200 Students Admit To 'Cheating' On Exam... But Bigger Question Is If It Was Really Cheating Or Studying

from the wait-a-second... dept

A friend passed on this Telegraph story about how 200 students in a Strategic Management class at the University of Central Florida came forward to admit to "cheating" on the midterm exam after the professor in the class, Richard Quinn, gave a lecture where he noted the evidence that about 1/3 of the 600 student class had "cheated" on the exam. He then gave them an option: saying that, if they admitted to cheating within a week,re they would be able to complete the class and the incident would not go on their record and they would not face discipline (they also had to take an ethics class). If they did not, and they were still caught, then they could face expulsion for violating academic integrity policies. You can watch the video of the lecture here:
Not surprisingly, the story of 200 students "turning themselves over" made all sorts of headlines. It's a good story of "cheaters" being pressured into 'fessing up... right? It's leading to typical hand-wringing stories about what should we do about cheating in schools. But, as I watched the video, the whole thing started to feel just a little bit off... My main interest was to learn two things: (1) what the students did to cheat and (2) how the professor was identifying who cheated. Both points seemed like pertinent details.

The answer to that first one surprised me. The "cheating" was that students got their hands on the textbook publisher's "testbank" of questions. Many publishers have a testbank that professors can use as sample test questions. But watching Quinn's video, it became clear that in accusing his students of "cheating" he was really admitting that he wasn't actually writing his own tests, but merely pulling questions from a testbank. That struck me as odd -- and I wasn't really sure that what the students did should count as cheating. Taking "sample tests" is a very good way to learn material, and going through a testbank is a good way to practice "sample" questions. It seemed like the bigger issue wasn't what the students did... but what the professor did.

In looking around, it looks like a lot of the students agree. They're saying that the real issue is that Prof. Quinn simply copied questions from the publisher, rather than actually recreating his own test, and noting that this seems like a massive double standard. The professor is allowed to just copy questions from others for his tests? In fact, some of the students have put together a video pointing out that, at the beginning of the year, Prof. Quinn claimed that he had written the test questions himself. As the article notes:
Can the UCF students be blamed for using all the available tools to study for the test? How were the students to know that Quinn would take his questions from the test bank, when he explicitly said that professors do not do so any more? Moreover, why did Quinn tell his students that he is the one who creates the mid-term and final exams, when in fact it wasn’t so?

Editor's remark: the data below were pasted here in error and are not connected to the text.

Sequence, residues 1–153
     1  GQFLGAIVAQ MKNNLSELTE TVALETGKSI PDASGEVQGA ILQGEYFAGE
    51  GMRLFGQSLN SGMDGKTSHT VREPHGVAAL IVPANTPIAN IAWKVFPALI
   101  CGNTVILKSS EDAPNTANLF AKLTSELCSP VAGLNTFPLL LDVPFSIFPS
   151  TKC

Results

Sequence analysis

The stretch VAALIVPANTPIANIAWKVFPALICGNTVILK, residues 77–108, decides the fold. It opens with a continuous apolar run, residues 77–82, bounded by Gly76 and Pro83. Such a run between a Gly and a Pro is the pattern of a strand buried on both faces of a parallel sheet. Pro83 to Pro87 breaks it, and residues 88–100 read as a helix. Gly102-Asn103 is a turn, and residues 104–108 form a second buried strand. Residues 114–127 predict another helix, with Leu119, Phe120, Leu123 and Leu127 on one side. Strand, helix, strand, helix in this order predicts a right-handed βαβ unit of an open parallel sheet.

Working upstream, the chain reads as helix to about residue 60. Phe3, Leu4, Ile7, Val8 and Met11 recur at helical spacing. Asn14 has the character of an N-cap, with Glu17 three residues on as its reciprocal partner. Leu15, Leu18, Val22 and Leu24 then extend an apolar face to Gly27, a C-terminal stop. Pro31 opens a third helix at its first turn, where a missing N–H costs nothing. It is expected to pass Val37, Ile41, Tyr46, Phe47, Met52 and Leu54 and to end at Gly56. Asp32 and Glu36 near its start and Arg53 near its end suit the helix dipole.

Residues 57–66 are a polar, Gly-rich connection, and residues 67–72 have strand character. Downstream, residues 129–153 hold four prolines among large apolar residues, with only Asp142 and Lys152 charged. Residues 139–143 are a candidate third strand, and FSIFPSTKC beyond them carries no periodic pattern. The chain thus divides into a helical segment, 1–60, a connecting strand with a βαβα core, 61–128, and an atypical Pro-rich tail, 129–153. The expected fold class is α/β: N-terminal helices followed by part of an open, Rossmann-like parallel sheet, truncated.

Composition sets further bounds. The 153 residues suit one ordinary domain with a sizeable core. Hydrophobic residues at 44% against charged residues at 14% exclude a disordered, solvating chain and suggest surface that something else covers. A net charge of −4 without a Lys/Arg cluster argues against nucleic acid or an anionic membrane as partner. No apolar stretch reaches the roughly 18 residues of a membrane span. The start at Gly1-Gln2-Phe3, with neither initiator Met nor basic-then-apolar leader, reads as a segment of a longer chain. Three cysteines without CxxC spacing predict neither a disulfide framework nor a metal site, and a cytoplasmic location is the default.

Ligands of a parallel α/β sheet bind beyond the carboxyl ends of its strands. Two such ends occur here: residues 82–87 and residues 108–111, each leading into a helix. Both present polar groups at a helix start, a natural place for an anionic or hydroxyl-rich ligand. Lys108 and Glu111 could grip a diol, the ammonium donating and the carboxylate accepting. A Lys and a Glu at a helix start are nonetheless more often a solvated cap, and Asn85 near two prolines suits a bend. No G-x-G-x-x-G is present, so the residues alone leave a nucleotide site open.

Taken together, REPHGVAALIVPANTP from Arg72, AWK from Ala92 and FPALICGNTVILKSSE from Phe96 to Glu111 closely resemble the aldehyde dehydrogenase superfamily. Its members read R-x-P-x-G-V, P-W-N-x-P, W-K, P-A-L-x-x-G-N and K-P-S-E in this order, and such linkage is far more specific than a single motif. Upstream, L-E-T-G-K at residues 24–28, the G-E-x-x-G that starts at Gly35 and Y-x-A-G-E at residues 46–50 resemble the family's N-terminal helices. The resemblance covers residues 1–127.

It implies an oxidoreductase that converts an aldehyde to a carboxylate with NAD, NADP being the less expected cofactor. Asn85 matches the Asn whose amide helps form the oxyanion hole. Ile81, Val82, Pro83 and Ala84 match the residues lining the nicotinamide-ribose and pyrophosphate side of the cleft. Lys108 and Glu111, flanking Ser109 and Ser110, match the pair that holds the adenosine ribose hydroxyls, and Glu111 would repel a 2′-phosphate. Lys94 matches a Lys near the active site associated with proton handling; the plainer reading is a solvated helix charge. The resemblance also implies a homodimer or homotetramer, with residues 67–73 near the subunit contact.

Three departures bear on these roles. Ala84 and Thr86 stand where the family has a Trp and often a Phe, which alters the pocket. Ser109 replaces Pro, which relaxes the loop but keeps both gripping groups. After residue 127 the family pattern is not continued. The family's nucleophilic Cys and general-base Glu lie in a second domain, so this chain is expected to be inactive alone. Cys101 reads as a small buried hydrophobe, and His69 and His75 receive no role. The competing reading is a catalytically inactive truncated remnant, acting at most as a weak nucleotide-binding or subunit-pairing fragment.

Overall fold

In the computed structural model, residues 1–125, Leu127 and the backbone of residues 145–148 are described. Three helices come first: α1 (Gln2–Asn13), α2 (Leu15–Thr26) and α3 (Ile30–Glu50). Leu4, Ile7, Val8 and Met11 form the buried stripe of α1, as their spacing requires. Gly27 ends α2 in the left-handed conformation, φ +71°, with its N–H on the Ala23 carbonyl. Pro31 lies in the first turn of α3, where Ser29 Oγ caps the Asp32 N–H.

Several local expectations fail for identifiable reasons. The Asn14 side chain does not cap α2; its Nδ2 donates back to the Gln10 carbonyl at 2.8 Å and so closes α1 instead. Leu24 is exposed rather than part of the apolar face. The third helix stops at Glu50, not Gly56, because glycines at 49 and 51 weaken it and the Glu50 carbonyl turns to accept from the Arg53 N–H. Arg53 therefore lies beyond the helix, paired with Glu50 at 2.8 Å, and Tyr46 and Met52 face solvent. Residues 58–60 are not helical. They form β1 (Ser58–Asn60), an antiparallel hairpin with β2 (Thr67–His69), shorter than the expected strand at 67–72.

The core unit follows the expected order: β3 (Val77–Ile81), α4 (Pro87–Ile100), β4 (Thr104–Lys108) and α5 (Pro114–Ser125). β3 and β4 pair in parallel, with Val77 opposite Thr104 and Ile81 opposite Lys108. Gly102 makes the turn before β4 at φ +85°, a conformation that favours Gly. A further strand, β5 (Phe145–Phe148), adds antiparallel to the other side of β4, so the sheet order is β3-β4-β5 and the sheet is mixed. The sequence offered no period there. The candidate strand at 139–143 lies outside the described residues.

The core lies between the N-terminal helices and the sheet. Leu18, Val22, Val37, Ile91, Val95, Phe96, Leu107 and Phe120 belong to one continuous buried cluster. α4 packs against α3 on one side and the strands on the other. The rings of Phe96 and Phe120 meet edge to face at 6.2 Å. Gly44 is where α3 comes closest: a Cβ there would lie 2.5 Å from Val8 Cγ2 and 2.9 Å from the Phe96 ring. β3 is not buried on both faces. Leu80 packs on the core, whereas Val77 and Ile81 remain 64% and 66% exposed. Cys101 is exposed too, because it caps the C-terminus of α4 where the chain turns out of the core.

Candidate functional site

The students have put together a video pointing out where he said (in the first lecture) that he writes the questions himself:
The local student news operation sent a reporter to speak to Quinn and ask him about the double standard and his copying of questions, and Quinn totally ignored him:
Now, there's a pretty good chance that some of the students probably knew that Quinn was a lazy professor, who just used testbank questions, rather than writing his own. That's the kind of information that tends to get around. But it's still not clear that using testbank questions to study is really an ethical lapse. Taking sample tests is a good way to practice for an exam and to learn the subject matter. And while those 200 students "confessed," it seems like they did so mainly to avoid getting kicked out of school -- not because they really feel they did anything wrong -- and I might have to agree with them.

We've seen plenty of stories over the years about professors trying to keep up with modern technology -- and I recognize that it's difficult to keep creating new exams for classes. But in this case, it looks like Prof. Quinn barely created anything at all. He just pulled questions from a source that the students had access to as well and copied them verbatim. It would seem that, even if you think the students did wrong here, the Professor was equally negligent. Will he have to sit through an ethics class too?

Filed Under: cheating, ethics, students, tests